In 2022, the US Government Accountability Office reported that 647,000 American students were affected by ransomware attacks, with recovery spanning anywhere from three days to months. This not only impacted schools financially, it also impacted students’ ability to learn because systems were down and schools were forced to close.

Visit the Glatfelter Public Entities website for cybersecurity resources for schools.

  1. Emergency services’ systems are sorely out-of-date, and the National Emergency Number Association and National Association of Counties called on Congress to fund critical upgrades.

These outdated systems make it easier for cybercriminals to target emergency service organizations like 911 dispatch centers. Cyberattacks against the Emergency Services Sector (ESS) have become commonplace and are only expected to increase in frequency.

For more information about how your ESS clients can help protect themselves from a cyberattack, check out Glatfelter’s Cyber Safety for Emergency Service Organizations resource.

For even more resources, check out the Cybersecurity & Infrastructure Security Agency’s (CISA) Emergency Services Sector Cybersecurity Initiative, broken down by ESS organization.

  1. On March 20, 2024, the Environmental Protection Agency (EPA) issued a warning that cyber criminals are targeting US water systems.

Water is necessary for our survival, and it, too, is being attacked. The EPA warned that threats from hackers linked with Iranian and Chinese governments could disrupt access to drinking water and impose “significant costs on affected communities.”

Water systems are being attacked because they are an infrastructure lifeline and often lack the resources and technical capabilities to implement sufficient cybersecurity measures. It’s essential that your water systems clients assess their vulnerabilities and take measures to secure their systems before it’s too late.

This year, CISA released Top Cyber Actions for Securing Water Systems. We recommend you share this resource with your water and wastewater systems clients in light of this governmental warning. Actions include:

  • Reducing exposure to the public-facing internet
  • Conducting regular cybersecurity assessments
  • Changing default passwords immediately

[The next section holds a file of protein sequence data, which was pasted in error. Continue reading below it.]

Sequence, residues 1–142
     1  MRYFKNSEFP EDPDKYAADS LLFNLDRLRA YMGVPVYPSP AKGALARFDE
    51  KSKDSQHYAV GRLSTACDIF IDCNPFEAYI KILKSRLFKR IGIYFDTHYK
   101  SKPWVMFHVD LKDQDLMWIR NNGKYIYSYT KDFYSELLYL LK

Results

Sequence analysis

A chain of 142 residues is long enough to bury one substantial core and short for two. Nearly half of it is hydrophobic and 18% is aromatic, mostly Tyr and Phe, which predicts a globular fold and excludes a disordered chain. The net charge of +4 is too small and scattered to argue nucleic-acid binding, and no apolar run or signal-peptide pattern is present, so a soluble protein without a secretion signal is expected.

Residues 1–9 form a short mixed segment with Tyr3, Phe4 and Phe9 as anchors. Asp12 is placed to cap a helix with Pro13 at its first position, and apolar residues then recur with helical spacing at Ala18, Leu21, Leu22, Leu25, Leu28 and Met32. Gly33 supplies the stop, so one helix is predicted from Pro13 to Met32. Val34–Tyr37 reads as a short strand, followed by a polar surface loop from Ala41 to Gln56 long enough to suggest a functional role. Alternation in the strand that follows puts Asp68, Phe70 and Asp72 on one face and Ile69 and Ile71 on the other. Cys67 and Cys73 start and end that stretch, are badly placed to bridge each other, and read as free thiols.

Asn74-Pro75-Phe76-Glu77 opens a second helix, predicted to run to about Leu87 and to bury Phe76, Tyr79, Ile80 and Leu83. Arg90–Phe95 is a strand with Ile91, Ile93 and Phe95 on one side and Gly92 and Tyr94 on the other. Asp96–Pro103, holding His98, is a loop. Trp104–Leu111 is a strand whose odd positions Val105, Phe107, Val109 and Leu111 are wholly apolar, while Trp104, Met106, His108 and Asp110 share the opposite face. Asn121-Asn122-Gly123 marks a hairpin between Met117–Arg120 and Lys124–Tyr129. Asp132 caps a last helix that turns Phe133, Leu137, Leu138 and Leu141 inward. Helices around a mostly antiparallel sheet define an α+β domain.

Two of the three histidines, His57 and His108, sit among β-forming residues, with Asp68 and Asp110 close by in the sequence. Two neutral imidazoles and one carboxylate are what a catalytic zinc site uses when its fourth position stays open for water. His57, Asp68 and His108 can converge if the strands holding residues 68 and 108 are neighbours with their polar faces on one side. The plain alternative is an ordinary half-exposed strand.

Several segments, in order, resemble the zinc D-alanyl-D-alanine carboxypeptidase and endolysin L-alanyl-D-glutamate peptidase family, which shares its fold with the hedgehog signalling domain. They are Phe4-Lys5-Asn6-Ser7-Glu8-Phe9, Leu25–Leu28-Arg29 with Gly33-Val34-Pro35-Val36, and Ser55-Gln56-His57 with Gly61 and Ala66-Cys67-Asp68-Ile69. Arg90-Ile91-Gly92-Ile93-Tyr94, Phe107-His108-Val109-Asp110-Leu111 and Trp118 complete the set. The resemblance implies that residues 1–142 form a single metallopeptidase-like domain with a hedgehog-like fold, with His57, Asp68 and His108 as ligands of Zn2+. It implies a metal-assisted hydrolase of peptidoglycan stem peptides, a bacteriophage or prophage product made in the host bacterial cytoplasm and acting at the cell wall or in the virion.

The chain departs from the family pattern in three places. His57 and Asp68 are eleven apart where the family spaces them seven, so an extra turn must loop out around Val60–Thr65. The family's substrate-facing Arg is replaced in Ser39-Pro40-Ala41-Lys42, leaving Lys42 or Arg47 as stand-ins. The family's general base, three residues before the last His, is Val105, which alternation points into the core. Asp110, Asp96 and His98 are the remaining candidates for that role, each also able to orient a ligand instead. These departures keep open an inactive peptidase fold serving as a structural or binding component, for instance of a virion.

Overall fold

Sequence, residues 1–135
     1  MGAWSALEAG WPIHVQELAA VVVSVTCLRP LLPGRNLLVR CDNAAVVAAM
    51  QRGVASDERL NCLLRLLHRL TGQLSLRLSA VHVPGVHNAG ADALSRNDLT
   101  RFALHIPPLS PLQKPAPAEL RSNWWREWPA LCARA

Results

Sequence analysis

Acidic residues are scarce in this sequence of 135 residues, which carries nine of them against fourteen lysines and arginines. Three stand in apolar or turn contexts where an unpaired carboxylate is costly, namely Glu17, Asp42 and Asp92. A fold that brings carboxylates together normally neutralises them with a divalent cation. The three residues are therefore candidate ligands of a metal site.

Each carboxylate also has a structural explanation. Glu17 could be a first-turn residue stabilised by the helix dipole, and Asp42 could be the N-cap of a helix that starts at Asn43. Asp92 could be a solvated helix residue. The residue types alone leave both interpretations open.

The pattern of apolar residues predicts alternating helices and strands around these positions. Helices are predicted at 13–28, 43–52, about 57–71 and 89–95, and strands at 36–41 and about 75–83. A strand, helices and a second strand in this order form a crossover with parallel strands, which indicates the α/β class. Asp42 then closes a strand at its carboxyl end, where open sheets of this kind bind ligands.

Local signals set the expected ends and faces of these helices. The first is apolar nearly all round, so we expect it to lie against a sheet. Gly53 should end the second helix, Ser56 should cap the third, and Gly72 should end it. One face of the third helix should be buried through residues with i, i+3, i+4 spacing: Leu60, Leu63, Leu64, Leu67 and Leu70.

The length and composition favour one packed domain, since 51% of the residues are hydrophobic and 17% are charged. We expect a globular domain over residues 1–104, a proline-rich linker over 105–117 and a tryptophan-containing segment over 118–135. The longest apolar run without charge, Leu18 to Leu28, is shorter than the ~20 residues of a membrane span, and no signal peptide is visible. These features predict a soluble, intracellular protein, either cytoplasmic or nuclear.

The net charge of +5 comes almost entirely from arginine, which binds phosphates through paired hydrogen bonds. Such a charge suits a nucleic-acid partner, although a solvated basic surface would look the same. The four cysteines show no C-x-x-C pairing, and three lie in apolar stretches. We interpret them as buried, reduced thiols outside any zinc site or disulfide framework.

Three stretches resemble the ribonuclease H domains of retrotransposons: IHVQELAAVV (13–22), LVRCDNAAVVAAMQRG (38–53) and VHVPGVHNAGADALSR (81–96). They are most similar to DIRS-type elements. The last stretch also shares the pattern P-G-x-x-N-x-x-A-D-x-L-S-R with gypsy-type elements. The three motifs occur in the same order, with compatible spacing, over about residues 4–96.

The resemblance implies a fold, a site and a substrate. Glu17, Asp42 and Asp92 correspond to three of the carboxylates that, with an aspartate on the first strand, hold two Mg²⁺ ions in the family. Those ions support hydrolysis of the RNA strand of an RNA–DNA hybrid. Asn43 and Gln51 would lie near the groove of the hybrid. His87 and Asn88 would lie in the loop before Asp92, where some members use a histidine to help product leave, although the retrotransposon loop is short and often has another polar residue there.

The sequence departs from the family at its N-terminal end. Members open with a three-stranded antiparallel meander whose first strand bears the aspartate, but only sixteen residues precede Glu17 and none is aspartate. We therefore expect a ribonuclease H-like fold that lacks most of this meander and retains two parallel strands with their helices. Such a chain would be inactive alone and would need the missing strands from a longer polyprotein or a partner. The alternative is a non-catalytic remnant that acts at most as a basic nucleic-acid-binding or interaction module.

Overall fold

Visit the Glatfelter Public Entities website for cybersecurity resources for water systems.

  1. Only 19% of organizations claimed to have coverage for cyber events past $600,000, and only 55% of companies claimed to have cyber coverage at all.

You know that there’s been a sharp increase in cyberattacks year after year—and you recommend cyber coverage to your clients. But the severity of these attacks is increasing at an alarming rate. As of 2023, cyber insurance claims had increased by 100% in the previous three years.

The average ransom paid by breached organizations was $812,360, which means most organizations don’t have sufficient coverage to pay ransom demands.

  1. According to Pricewaterhouse Coopers, those who are doing it right receive fewer breaches, and the attacks they do receive aren’t as costly.

They also found that more than 30% of companies surveyed don’t consistently follow what are considered common practices of cybersecurity defense.

Companies that prioritize cybersecurity innovation outpace the competition because they’ve streamlined their security solutions. These companies see great productivity as they dive into new technologies with confidence because they are well protected.

Glatfelter’s goal is to provide you with resources to help make your clients more successful. With our cybersecurity product helping better protect them from the kinds of attacks you read about here, ensures that they can better reach their full potential and focus on what really matters: serving their communities.


Emily Arndt

Em, a proud cat mom to Margot and Teddy, enjoys learning guitar, the beach, writing, and working on her sarcasm.


The information contained in this blog post is intended for educational purposes only and is not intended to replace expert advice in connection with the topics presented. Glatfelter specifically disclaims any liability for any act or omission by any person or entity in connection with the preparation, use or implementation of plans, principles, concepts or information contained in this publication.

Glatfelter does not make any representation or warranty, expressed or implied, with respect to the results obtained by the use, adherence or implementation of the material contained in this publication. The implementation of the plans, principles, concepts or materials contained in this publication is not a guarantee that you will achieve a certain desired result. It is strongly recommended that you consult with a professional advisor, architect or other expert prior to the implementation of plans, principles, concepts or materials contained in this publication.

This blog post may contain the content of third parties and links to third party websites. Third party content and websites are owned and operated by an independent party over which Glatfelter has no control. Glatfelter makes no representation, warranty, or guarantee as to the accuracy, completeness, timeliness or reliability of any third party content. References to third party services, processes, products, or other information does not constitute or imply any endorsement, sponsorship or recommendation by Glatfelter, unless expressly stated otherwise.